The next time you drink Peruvian pisco, you will know the history of Uvina, Quebranta, Italia, Torontel, Albilla, Mollar, Negra Criolla and Moscatel grapes! Salud!

 

Sources:

 

Jiménez, Jorge. “Uvas Moscateles En El Pisco .” Excella by Andrea Bruno, https://www.excella-andreabruno.com/articulo.php?articulo=43.

 

Vera, Nico. “Genealogy of Pisco Grape Varietals.” Pisco Trail, 2018, www.piscotrail.com/.

 

Put some piscologia in your holiday cocktail!

Wondering what cocktails to make for the holidays? Kami came up with a couple wintery recipes that will keep you cozy when it’s cold outside. Stone Pine Liqueur complements PiscoLogia pisco and lemon juice in these tasty cocktails, which are topped with sparkling wine or Amontillado Sherry.

Here are Kami’s creation notes: “For these dreamy holiday drams I use a Pine Liqueur as inspiration.  The Crusta is a classic New Orleans Brandy-based drink. Substitute pisco and you have an instant Peruvian cocktail. Since Pisco is unaged, it is without wood characteristics, creating its delicate, practically ethereal flavors. With that in mind, I added Amontillado Sherry to balance out the pine, the citrus and bitters to concoct this swanky seasonal sipper.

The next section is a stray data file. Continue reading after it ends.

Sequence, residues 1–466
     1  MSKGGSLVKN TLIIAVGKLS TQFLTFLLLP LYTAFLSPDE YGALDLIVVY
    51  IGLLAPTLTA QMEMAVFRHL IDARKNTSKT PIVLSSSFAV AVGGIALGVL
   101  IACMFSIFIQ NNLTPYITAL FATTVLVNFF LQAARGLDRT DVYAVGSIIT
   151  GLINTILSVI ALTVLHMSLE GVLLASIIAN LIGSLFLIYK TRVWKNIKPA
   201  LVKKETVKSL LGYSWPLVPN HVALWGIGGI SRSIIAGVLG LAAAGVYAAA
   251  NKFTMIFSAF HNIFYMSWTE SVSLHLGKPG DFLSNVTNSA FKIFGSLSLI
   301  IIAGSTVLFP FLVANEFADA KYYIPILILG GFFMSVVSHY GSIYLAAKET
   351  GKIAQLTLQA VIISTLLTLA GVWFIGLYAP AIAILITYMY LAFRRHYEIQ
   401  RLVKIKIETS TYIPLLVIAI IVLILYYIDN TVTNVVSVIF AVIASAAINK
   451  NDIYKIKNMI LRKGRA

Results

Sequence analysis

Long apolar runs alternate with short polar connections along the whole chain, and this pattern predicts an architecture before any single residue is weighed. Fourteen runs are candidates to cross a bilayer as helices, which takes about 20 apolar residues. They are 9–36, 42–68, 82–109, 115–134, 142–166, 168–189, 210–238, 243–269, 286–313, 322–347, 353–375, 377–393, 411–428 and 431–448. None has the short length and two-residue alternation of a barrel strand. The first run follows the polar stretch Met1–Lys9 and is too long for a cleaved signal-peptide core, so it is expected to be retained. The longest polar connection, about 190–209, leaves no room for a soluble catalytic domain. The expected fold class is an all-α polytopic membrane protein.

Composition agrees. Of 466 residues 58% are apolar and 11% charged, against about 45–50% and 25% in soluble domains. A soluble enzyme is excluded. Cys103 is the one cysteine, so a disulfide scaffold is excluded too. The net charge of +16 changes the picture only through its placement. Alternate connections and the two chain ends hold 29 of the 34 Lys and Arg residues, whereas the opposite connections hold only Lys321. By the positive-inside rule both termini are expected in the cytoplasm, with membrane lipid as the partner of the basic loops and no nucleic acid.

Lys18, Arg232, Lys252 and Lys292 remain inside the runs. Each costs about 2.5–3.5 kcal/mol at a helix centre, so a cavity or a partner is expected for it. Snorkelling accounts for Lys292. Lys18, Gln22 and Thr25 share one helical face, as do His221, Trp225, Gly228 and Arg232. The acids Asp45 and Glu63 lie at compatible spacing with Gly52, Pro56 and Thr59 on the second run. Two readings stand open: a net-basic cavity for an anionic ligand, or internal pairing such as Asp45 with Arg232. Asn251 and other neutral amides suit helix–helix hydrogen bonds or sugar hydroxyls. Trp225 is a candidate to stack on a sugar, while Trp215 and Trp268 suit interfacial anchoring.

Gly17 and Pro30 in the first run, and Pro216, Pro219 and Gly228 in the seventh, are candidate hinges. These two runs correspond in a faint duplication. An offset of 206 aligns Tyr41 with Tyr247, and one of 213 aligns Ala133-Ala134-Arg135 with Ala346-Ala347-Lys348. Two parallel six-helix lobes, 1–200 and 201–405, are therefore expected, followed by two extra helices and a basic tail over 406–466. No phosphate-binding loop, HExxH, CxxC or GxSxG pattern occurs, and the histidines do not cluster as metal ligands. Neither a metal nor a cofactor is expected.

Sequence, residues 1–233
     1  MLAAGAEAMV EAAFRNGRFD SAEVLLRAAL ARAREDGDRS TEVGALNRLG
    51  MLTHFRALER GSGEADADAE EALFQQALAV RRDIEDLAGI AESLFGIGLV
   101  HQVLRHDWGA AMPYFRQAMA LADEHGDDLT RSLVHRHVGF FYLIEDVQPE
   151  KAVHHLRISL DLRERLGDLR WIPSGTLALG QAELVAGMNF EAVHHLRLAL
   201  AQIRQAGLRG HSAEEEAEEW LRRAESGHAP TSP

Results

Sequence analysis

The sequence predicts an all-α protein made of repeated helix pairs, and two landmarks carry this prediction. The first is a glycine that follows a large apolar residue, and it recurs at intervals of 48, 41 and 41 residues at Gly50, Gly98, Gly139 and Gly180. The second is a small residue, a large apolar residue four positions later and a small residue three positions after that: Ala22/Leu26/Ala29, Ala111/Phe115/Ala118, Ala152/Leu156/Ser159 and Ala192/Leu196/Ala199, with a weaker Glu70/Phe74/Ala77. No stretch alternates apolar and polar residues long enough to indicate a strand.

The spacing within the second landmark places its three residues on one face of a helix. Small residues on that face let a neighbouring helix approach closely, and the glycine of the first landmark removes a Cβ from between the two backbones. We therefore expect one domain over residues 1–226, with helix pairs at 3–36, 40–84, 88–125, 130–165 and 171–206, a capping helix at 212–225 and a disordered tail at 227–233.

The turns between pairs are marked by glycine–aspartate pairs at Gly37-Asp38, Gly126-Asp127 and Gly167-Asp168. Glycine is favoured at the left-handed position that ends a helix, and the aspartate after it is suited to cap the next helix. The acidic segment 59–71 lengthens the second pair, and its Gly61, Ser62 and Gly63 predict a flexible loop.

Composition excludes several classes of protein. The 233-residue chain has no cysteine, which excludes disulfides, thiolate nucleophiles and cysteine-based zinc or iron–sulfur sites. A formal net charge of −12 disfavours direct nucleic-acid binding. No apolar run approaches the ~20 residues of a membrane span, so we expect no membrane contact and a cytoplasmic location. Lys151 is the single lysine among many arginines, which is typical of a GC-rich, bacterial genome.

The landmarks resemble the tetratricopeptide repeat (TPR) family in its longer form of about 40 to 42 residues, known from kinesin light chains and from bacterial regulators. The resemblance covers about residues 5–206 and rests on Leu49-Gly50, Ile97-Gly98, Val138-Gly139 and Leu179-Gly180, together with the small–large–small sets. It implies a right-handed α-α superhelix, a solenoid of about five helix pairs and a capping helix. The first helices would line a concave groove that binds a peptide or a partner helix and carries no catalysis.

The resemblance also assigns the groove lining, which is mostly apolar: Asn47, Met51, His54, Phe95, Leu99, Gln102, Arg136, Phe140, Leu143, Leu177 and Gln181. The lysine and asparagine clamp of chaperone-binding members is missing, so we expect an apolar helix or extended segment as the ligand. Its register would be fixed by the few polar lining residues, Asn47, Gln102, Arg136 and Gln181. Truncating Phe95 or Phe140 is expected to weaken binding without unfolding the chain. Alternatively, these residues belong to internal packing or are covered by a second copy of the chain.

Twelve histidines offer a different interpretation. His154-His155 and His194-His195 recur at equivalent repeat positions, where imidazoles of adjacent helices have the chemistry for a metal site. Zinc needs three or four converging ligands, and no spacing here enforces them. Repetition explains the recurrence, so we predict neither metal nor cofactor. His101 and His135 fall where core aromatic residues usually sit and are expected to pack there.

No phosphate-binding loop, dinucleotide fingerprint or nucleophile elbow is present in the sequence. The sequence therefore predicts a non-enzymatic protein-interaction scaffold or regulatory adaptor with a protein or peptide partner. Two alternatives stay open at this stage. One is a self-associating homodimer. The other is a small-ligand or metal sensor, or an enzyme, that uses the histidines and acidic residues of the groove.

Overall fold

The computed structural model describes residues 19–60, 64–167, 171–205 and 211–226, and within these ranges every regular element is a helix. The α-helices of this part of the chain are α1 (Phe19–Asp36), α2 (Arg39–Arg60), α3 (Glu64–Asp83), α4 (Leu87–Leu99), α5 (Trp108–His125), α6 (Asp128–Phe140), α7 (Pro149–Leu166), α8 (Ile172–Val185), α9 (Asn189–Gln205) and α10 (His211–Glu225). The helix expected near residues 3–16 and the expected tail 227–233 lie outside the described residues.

For the Peruvian Christmas Crusta, our Acholado lends itself as a creative replacement in gin-based cocktails. The intensity of the aromatics from the Italia grape blend with our Quebranta. The French 75, with its sparkling wine component, just calls out ‘holidays’ so I swapped the gin for our Acholado, added the Zirbenz Pine Liqueur and Yellow Chartreuse for a serious Christmas tree pop. With the honey simple syrup, bright citrus and sparkles, the PiscoLogia surprisingly prevails. This cocktail is bright, fresh and festive, like a Christmas carol in your mouth!”

 

peruvian pisco, crusta, pisco cocktails, holiday cocktail recipes, garnishes for cocktails, acholado, quebranta, gin cocktails

 

A Christmas Carol

1 oz PiscoLogia Acholado
2 bar spoons Yellow Chartreuse
2 bar spoons Zirbenz Pine Liqueur
1/2 oz lemon juice
1/2 oz honey simple syrup
Shake all ingredients and strain into a champagne flute. Top with sparkling wine

 

peruvian pisco, crusta, pisco cocktails, holiday cocktail recipes, garnishes for cocktails, acholado, quebranta, gin cocktails

 

Peruvian Christmas Crusta

2 oz PiscoLogia Quebranta
1/2 oz Zirbenz Pine Liqueur
1/2 oz Amontillado Sherry
1/2 oz Lemon
2 dash Angostura Bitters
Shake all ingredients with ice and strain into a generously sugar rimmed flute glass!
Garnish: sugared rim and an extravagantly long lemon twist